back to article It's heeere: Node.js 17 is out – but not for production use, says dev team

Node.js 17 is out, loaded with OpenSSL 3 and other new features, but it is not intended for use in production – and the promotion for Node.js 16 to an LTS release, expected soon, may be more important to most developers. The release cycle is based on six-monthly major versions, with only the even numbers becoming LTS (long …

  1. pavel.petrman

    Finally a true cross platform environment

    A bit like 8086, a niche thing hacked together on the side of bigger shinier things, Javascript has outlived and outperformed its original purpose by several orders of magnitude. After many rigorously architected and robustly developed cross-platform programming environments (Java, .Net, Qt..., all of which are very nice in their own right, yet tend to miss one or two crucial environments in their portability lists) the most unlikely and uniersally hated candidate takes the throne. Today, Javascript is everywhere, on every user-facing OS, on every cloud platform, available headless on every major OS. And on a PC, quite interestingly, everyone gets a live scripting environment in the form of the bworser console, where one can actually program something - we users actually didn't have that luxury since the commonplace basic environment became obsolete as cheap data media replaced the need to type programs from listings printed in magazines. Sure, there has always been some ersatz, like bash or VBScript on Windows, but compared to the portability of JS and ease of use with Node, they were no match.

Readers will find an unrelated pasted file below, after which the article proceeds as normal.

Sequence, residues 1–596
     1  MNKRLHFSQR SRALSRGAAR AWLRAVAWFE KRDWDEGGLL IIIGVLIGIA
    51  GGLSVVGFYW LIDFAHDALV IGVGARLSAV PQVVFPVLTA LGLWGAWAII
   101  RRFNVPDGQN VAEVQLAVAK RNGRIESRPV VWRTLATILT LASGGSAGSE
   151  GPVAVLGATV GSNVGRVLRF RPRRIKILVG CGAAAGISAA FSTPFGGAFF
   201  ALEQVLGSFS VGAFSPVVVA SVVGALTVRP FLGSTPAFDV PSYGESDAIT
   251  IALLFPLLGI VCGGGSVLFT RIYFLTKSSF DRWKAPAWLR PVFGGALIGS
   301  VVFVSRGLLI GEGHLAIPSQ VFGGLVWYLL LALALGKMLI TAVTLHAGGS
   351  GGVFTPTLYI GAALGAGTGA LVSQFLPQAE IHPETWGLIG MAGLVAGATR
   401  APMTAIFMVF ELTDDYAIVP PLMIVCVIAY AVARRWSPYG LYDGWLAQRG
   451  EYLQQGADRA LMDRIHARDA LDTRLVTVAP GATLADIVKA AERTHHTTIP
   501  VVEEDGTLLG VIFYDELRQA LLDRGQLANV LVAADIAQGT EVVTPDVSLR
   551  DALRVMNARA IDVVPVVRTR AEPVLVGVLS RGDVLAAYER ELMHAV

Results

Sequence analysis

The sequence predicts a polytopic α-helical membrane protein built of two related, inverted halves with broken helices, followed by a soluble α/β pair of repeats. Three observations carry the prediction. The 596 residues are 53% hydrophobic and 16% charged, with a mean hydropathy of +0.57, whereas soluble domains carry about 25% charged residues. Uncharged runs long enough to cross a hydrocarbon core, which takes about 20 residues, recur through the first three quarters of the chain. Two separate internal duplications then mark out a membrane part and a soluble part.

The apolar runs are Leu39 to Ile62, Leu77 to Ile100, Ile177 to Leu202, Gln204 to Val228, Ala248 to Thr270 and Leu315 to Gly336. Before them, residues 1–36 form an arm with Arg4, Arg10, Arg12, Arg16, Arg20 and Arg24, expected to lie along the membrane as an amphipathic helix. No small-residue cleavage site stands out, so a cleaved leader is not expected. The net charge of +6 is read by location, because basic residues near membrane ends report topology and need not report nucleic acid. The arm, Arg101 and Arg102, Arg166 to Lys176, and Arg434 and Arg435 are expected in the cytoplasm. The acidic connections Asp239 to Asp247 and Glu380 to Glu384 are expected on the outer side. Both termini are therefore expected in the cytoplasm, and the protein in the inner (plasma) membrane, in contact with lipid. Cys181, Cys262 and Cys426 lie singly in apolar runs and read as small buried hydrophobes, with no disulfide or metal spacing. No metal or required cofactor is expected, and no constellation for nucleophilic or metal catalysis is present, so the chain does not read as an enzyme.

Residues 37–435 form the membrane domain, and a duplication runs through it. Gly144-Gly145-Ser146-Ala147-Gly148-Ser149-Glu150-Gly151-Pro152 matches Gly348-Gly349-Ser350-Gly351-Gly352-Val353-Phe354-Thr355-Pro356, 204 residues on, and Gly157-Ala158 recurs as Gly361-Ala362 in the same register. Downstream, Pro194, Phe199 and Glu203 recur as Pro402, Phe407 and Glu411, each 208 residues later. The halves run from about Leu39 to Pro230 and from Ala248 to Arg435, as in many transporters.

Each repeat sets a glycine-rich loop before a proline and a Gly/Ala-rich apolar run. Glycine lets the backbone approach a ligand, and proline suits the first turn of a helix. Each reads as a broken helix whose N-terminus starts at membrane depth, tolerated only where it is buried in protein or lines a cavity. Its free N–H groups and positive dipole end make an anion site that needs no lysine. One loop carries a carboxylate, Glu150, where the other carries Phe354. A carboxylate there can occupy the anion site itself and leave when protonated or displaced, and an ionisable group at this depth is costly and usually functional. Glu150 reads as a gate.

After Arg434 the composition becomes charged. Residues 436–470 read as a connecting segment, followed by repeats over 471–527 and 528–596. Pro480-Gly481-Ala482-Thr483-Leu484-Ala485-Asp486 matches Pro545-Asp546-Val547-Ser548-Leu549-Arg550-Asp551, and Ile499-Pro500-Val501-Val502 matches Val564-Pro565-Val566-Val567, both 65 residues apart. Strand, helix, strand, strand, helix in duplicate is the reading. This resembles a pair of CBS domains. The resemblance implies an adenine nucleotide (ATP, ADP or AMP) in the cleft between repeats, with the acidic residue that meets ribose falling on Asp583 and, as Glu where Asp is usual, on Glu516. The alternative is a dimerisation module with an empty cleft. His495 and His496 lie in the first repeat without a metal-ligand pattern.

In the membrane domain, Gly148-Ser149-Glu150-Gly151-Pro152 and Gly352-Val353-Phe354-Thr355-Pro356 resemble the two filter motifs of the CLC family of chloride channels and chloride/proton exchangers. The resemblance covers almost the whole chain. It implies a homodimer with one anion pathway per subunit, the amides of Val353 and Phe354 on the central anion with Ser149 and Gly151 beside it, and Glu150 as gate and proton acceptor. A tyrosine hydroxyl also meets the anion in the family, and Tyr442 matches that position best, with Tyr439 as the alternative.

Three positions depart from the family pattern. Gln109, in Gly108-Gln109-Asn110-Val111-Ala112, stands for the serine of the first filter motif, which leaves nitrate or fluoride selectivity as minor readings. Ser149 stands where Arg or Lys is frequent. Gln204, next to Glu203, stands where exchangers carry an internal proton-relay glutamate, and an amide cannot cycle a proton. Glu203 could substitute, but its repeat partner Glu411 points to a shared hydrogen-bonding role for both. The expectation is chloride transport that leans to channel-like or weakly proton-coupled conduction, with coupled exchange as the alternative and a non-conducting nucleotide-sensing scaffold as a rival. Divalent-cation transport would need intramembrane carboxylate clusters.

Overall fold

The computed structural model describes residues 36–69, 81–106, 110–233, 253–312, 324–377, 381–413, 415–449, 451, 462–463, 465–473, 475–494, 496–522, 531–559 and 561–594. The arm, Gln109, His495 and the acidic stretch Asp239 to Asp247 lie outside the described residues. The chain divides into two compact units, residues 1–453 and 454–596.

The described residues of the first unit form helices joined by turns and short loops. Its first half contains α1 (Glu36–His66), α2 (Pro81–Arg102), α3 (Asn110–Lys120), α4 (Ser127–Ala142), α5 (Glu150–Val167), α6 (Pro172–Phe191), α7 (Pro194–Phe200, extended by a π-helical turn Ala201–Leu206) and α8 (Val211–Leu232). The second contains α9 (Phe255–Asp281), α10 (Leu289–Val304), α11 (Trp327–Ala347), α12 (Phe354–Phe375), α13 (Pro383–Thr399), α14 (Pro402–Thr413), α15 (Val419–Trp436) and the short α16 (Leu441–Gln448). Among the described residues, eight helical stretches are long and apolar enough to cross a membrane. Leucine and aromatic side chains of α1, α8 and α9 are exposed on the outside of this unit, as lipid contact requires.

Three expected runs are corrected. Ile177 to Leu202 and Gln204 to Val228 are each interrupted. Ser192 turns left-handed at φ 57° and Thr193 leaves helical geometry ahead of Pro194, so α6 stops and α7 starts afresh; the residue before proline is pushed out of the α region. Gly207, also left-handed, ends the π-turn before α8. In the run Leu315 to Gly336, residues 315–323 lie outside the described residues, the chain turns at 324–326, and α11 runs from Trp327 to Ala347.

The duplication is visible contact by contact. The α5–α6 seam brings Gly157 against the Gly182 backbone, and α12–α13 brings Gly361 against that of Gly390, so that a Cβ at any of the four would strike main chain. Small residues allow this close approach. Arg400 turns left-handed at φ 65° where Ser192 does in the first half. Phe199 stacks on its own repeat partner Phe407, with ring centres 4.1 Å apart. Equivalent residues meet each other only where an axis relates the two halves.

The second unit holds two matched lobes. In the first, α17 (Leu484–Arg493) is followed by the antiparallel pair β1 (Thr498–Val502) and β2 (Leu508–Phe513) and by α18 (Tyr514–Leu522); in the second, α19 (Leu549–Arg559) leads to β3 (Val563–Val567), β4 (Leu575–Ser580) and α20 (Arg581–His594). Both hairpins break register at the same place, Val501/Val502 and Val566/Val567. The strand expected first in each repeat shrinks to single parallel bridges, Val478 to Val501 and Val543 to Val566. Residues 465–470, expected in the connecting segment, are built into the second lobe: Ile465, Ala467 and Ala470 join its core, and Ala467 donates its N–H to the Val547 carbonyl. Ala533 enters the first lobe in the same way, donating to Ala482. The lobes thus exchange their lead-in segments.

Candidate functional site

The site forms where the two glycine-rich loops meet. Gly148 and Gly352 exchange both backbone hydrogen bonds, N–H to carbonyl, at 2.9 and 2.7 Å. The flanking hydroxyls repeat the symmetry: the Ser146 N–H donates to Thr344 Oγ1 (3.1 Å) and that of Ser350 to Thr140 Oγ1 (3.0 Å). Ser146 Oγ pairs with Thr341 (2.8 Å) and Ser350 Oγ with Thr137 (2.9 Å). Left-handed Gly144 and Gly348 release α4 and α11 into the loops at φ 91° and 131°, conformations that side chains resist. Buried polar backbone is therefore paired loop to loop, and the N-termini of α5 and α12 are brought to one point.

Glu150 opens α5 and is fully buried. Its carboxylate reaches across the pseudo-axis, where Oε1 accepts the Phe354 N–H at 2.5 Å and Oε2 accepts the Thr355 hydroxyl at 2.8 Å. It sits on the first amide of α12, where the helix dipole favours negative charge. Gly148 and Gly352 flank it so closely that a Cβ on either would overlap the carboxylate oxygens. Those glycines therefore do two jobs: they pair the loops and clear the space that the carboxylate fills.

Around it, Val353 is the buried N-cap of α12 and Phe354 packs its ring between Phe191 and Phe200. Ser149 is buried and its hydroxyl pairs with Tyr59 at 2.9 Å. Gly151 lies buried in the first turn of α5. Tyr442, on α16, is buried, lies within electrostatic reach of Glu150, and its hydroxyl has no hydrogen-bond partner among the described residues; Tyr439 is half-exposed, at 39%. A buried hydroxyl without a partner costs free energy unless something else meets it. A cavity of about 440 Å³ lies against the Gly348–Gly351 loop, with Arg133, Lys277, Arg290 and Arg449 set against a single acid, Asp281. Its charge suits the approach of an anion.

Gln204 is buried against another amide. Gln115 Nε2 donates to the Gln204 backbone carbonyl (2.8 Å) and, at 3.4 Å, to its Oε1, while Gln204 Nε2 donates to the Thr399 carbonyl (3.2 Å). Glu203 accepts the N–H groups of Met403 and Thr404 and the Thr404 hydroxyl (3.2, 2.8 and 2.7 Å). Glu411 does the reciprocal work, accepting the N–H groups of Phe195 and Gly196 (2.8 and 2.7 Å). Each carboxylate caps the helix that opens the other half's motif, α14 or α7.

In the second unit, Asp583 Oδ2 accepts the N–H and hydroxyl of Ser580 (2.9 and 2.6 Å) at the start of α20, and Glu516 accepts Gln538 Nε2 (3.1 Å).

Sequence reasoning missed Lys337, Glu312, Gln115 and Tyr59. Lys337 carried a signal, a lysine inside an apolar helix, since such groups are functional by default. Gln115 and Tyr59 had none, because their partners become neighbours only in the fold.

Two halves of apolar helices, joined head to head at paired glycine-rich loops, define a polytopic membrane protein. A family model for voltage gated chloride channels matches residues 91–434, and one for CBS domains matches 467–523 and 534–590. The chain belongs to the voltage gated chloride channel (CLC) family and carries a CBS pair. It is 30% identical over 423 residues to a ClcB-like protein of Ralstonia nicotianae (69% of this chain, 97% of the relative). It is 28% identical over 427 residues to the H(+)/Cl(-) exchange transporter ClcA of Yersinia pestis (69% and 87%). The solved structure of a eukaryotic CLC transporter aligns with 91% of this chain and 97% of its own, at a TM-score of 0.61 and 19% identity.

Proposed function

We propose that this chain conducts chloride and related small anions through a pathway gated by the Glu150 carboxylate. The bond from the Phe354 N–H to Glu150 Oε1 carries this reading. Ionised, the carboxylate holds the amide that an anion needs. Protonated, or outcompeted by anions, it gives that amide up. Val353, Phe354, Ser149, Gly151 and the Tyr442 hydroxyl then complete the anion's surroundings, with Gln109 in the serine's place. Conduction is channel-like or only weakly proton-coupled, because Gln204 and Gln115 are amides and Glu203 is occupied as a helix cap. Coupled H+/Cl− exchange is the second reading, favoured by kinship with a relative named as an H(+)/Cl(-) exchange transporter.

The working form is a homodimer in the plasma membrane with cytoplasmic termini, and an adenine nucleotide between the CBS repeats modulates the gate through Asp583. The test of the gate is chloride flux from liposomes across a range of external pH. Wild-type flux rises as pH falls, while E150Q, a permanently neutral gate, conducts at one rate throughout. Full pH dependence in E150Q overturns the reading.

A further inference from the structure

The language is different from what a common dev guy is used to (some time ago most devs were confused by the difference between prototypes and classes, and being used to the latter found the former difficult, stupid, incomprehensible) but quite powerful and very productive, once one understands how to use _not holding it wrong_.

    I, for one, am thankful to those Apple and Google guys for giving us the V8 and to Node folks for giving us the thing we needed and wanted so badly, albeit in the form of a patched up thirty year old weekend project of one guy from Netscape. History shows us that quirky yet stubborn enthusiasm tends to win over thorough planning and robust execution.

    1. m4r35n357